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A metabolic [met-uh-BOL-ik] disorder is when something is wrong with the body's metabolism — the ability to turn food into energy and get rid of waste. The body has many different chemicals and processes that make metabolism work. There are many types of metabolic disorders because something can go wrong with any of these parts of the process. Sometimes the body doesn’t have the right enzyme to break down certain types of foods. For others, a process that turns food into energy may not be working properly, or the body may not be getting enough of a nutrient needed for metabolism. Or, one of the organs involved in metabolism could be diseased or damaged.


Symptoms of metabolic disorders depend on the disorder and how serious it is. Common symptoms include:

  • Unintended weight loss, or a failure to gain weight and grow in babies and children
  • Unexpected weight gain
  • Tiredness and lack of energy
  • Changes to the skin – color, bruising easily, thinning, slow to heal
  • Belly pain and vomiting
  • Decreased appetite
  • Feeling hungry and thirsty, even though you are eating
  • Developmental delays in babies and children — they don’t reach milestones when they are supposed to

When to See a Doctor

See a doctor if you or your child:

  • Is losing or gaining weight without intending to, or isn’t growing
  • Feels hungry or thirsty a lot, even if you are eating and drinking
  • Has to urinate often
  • Is lethargic and has no energy
  • Vomits or complains of belly pain often
  • Has yellowish skin color (jaundice) or other skin changes
  • Can’t do what other children the same age are able to do

Take your child to all checkups so the pediatrician can make sure your child is growing normally.


There are many causes to metabolic disorders.

  • Some metabolic disorders are genetic. A gene that tells the body how to do a certain metabolic process or make a chemical or enzyme gets changed (mutates). This genetic change can be passed down from parents to children, or the change can happen on its own.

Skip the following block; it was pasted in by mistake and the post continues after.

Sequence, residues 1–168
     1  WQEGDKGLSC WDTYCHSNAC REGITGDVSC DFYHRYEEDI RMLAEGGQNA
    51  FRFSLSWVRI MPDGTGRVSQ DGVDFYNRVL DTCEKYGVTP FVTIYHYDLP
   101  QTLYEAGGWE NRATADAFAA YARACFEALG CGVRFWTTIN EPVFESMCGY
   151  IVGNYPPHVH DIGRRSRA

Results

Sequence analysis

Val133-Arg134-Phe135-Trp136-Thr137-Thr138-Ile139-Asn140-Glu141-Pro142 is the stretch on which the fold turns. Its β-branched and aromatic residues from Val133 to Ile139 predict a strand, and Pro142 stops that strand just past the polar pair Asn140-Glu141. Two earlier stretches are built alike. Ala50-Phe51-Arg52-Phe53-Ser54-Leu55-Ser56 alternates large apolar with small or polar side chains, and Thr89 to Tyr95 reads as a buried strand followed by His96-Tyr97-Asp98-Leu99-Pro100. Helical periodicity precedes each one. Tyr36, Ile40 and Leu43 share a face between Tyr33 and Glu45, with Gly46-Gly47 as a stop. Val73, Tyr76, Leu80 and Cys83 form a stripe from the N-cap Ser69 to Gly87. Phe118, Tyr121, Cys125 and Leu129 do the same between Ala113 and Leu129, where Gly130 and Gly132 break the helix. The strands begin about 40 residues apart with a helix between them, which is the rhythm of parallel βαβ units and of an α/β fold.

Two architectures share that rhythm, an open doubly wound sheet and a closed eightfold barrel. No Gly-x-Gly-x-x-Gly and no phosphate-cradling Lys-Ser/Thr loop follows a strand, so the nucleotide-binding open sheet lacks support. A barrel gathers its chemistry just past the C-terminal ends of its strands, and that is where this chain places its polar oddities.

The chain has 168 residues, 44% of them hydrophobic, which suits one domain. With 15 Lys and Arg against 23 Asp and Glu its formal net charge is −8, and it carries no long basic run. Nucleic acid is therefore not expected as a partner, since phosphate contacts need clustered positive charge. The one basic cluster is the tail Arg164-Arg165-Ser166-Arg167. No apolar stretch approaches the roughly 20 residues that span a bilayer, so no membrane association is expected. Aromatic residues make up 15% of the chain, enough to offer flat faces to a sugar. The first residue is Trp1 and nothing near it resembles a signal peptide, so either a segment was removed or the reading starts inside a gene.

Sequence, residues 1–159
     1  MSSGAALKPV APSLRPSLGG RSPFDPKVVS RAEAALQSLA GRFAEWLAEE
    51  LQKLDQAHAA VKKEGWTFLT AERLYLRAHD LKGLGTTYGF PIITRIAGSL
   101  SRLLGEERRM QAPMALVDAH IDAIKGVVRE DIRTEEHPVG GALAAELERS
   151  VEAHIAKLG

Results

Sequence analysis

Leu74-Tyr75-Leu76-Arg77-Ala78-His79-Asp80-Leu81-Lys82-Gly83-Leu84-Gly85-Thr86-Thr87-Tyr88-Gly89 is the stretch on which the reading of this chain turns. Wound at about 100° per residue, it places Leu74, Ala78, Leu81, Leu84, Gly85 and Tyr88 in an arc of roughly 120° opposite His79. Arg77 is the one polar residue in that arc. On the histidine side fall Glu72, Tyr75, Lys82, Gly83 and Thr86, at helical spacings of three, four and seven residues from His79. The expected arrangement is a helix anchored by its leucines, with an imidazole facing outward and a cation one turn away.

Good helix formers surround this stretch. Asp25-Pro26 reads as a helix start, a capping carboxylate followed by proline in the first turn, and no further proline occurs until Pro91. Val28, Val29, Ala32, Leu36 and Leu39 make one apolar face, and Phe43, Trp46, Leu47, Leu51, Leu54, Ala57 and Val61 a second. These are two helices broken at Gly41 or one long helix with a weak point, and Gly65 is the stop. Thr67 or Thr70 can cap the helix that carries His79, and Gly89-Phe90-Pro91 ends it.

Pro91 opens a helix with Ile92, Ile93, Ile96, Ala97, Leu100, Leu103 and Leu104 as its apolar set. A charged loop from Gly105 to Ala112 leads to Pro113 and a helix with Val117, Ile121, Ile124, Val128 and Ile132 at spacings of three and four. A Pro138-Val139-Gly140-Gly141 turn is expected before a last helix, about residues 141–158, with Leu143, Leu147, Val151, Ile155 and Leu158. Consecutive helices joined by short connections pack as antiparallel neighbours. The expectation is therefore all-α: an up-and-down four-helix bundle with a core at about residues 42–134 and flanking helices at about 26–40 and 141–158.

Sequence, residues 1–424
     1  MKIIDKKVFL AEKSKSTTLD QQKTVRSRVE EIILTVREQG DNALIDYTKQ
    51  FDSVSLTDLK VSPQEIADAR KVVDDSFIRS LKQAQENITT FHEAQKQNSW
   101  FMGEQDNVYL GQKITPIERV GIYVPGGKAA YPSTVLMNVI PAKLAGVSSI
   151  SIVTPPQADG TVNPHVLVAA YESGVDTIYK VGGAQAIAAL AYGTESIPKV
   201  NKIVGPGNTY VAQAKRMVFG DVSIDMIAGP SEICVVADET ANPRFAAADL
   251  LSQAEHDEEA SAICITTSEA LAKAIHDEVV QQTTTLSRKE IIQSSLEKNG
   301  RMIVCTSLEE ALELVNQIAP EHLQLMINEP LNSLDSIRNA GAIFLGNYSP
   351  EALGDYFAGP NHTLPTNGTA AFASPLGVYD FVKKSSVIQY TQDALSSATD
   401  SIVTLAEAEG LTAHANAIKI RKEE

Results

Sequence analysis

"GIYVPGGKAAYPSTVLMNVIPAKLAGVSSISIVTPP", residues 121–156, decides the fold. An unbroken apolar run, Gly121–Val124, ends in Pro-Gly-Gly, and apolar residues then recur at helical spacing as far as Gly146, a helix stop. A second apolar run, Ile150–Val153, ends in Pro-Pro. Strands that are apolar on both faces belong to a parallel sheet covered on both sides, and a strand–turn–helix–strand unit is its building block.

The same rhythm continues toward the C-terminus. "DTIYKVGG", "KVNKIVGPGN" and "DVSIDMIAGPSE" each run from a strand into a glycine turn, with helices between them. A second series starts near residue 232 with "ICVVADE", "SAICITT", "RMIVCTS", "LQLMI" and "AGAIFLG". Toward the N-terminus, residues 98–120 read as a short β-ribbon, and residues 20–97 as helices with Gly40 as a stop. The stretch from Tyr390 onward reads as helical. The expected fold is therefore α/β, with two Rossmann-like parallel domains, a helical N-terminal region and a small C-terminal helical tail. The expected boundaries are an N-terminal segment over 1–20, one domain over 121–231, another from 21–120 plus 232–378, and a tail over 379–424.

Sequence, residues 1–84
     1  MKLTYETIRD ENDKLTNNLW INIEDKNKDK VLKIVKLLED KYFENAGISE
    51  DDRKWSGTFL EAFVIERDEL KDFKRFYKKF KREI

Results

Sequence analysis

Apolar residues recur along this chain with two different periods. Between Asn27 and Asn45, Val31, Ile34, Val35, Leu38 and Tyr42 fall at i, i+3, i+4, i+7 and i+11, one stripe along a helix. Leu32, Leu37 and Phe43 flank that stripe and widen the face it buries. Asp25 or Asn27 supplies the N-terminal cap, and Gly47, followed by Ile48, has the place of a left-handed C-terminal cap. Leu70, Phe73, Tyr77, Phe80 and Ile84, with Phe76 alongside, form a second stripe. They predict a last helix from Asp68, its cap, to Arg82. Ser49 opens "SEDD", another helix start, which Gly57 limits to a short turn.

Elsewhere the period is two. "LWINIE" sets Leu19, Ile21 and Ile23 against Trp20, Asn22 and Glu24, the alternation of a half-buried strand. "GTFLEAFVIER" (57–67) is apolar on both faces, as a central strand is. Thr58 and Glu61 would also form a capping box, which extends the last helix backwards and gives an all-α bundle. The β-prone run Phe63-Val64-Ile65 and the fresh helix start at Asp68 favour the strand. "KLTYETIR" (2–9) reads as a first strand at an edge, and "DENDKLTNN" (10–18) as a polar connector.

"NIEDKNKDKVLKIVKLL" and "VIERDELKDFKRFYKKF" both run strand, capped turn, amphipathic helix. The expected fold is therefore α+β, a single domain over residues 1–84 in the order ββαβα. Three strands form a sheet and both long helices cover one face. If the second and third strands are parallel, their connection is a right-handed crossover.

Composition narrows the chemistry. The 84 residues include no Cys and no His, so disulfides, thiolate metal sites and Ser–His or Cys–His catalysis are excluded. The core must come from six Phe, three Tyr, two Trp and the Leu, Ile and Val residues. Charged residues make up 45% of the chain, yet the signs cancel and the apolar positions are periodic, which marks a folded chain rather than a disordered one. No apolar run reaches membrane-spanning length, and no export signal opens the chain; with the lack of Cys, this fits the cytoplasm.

• Some metabolic disorders happen because an organ involved in metabolism gets diseased or damaged, like the pancreas or thyroid.
  • Some metabolic disorders don’t have a known cause. For example, researchers aren’t sure why some people get type 1 diabetes, an autoimmune disorder.

Diagnosis and Tests

To diagnose a metabolic disorder:

  • The doctor will talk to you about your family’s health history and about your symptoms (or your child’s symptoms).
  • The doctor may have you or your child do a blood test called a metabolic panel. This is a set of tests to check if you have the right type of chemicals in your blood for metabolism. Depending on your situation, the doctor may order a basic metabolic panel or a comprehensive metabolic panel, which includes more tests.


Treatment for metabolic disorders depends on the specific disorder. Common treatments include:

  • Changes to diet and lifestyle. You may have to avoid certain foods that the body can’t handle and break down.
  • Medicines. Medicine can be used to give the body what it doesn’t have enough of, like insulin in the case of diabetes. Medicines can also be used to control certain symptoms, help you feel better, and avoid life-threatening emergencies.


Many metabolic disorders can’t be prevented because they are genetic or the cause is unknown.

But there are things you can do to lower your risk for developing type 2 diabetes, the most common metabolic disorder:

  • Stay at a healthy weight
  • Eat healthy foods, like vegetables, whole grains, beans, fruits, and lean meats
  • Stay active — move every day
  • Drink water instead of juice, soda, or other drinks with sugar

What are Metabolic Disorders?

Metabolism describes the body’s ability to convert food and drink into energy. It’s a complex process that uses many different chemicals, hormones, cells, and organs to work properly. A metabolic (met-uh-BOL-ik) disorder is when something disrupts this process.

There are several different types of metabolic disorders. A disorder can be caused when:

  • The body doesn’t have the right enzyme to break down certain types of foods, like fats, proteins, or carbohydrates. An enzyme is a substance that helps a chemical process happen — like breaking food down into something the body can use.
  • A process that helps turns food into energy isn’t working properly. For example, sometimes the mitochondria of the cells can’t use sugars to make energy like they’re supposed to. The cells don’t get the energy they need and the sugars and oxygen build up and stay in the body.
  • One of the organs involved in metabolism is diseased or damaged. It could be the pancreas, liver, endocrine glands (organs that release hormones), or another organ involved in metabolism.
  • The body isn’t getting enough of a nutrient or mineral it needs to make metabolism work.

Many metabolic disorders are genetic (passed down through families) or autoimmune (when body tissues are attacked by its own immune system). Newborns are screened for several serious conditions, including metabolic, hormone, and blood disorders. Early detection and treatment of certain disorders can prevent lifelong health problems.

Some metabolic disorders develop during a person’s life. The most common is diabetes mellitus. Type 1 diabetes is an autoimmune problem — the body destroys the cells in the pancreas that make insulin. Insulin helps the body use glucose (sugar) in the body for energy. Type 2 diabetes is when the body makes insulin but can’t use it well anymore.